Broadcast Journalism; I cut my journalistic teeth in newsrooms throughout the BBC then went into making social documentaries. A media mogul headhunted me to help him grow his empire and lured by cash and fast cars I moved away from what I loved into a more strategic position. I was great at my job, well paid and miserable, desperately so for a long time, but from that misery I began a journey of change. When I finally left the media I felt a huge wave of grief, everything I’d ever trained for given up on, all of that hard work lost. But that’s how I really found my true purpose, and the ‘wrong road’ I’d taken was actually the right road for the life lessons I needed to be a really great teacher.
How did your career change after having children?
When I found out I was pregnant with my first child I’d just got a big promotion which involved constant world-wide travel. I had to forgo the role and take a step back, for someone used to running very fast in a forward direction this was a disorientating experience. Having to slow my pace and not being out burning the candle at both ends gave me time to breathe, something, I came to realise, I had barely done in years. And that’s when the meditation teacher in me began to emerge from the new quiet. It was such a relief to just be where I was and recognise that life was not a race. Like a tightly coiled spring it still took quite some time for me to fully slow down – I was back freelancing when Grace (now 7) was just 3 months and giving myself a terrible time for being ‘not good enough’ at either role of mother or media me. I suffered terribly with post-natal depression. I attempted to act my way through the depression as if I was some domestic goddess/supermum taking conference calls at 6.30am whilst breastfeeding. It was a hard act to keep up and eventually I crumbled, totally broken.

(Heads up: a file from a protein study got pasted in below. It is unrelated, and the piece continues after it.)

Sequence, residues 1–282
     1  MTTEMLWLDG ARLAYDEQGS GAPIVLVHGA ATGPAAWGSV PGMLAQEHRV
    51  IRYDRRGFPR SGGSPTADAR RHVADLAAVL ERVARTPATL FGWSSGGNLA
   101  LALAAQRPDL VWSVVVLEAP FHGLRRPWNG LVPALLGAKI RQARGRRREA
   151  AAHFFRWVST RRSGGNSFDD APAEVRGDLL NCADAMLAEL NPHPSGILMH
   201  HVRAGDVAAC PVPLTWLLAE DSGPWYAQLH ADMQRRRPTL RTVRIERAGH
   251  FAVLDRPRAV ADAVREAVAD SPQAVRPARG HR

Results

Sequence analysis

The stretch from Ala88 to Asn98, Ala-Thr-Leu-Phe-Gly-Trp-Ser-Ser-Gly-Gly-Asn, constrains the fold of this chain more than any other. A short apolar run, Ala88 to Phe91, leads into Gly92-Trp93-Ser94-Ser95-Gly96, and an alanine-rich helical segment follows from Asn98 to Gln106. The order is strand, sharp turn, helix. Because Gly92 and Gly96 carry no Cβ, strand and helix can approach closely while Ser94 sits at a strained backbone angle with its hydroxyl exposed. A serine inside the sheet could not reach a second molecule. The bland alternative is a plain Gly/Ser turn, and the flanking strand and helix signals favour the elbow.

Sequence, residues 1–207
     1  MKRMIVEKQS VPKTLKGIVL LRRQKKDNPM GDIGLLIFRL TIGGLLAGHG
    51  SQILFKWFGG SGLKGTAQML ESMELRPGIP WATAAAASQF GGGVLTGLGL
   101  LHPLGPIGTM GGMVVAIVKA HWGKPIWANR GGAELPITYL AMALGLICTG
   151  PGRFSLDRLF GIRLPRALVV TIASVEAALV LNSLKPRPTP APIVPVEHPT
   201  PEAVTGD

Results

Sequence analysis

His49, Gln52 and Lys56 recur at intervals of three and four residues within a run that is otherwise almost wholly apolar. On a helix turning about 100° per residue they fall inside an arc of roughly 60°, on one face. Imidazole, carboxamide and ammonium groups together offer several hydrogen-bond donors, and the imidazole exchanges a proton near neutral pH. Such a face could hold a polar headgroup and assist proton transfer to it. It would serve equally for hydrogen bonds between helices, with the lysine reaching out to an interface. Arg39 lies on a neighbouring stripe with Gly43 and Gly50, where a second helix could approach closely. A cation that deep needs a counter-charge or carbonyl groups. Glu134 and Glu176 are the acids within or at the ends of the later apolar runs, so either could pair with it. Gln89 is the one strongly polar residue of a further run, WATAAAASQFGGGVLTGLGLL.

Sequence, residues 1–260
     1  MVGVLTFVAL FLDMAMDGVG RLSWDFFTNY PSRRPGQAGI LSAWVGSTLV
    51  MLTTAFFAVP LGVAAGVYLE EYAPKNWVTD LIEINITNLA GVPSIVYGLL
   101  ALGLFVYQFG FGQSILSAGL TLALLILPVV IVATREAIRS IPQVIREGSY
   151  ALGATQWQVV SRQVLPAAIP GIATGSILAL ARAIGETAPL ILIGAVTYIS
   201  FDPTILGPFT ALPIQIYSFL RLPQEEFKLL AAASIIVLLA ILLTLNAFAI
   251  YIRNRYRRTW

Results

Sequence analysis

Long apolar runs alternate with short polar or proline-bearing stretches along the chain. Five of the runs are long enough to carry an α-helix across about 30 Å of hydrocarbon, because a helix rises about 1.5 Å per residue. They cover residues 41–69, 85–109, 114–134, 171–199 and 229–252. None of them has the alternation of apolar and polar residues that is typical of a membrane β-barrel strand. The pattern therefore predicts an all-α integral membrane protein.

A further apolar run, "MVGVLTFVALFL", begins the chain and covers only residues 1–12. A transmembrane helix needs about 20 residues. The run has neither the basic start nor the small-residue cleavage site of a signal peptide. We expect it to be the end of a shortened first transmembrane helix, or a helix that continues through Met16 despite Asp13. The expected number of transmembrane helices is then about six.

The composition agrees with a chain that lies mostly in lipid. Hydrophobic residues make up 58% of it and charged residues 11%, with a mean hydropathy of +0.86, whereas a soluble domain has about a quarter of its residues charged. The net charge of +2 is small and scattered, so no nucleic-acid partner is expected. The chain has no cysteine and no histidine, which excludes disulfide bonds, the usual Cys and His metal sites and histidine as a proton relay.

Where did the idea for your venture come from?
I fell in love, completely and totally with mindfulness. I was besotted, it was my saviour from myself. At the time it wasn’t that widely known in the UK, most people that I tried to talk to about it thought I had totally lost the plot and joined some cult so I had no choice but to train to teach it. I felt compelled to share what I had gained from it in a no-nonsense kind of way.
How did you move from idea to actual business?
Having booked a hall I sneaked out in the dark and pinned up posters around my neighbourhood. I felt a bit silly and slightly nervous, both of using a industrial stable gun and that I might be arrested for sticking posters in the wrong places. Then the enquires started to come in, few at first then many many more and courses filled and then the referrals started and the reviews came and before I knew it I had a thriving business.
What’s your USP?
Mindfulness is brilliant so it’s not like I need to sell anything. My teaching style however is unique, just as we all are. I am just me totally and completely (I’ve tried and I’m not very good at pretending to be anyone else). That means that there may be swearing and I won’t be wearing socks with my sandles.
Who’s your target audience?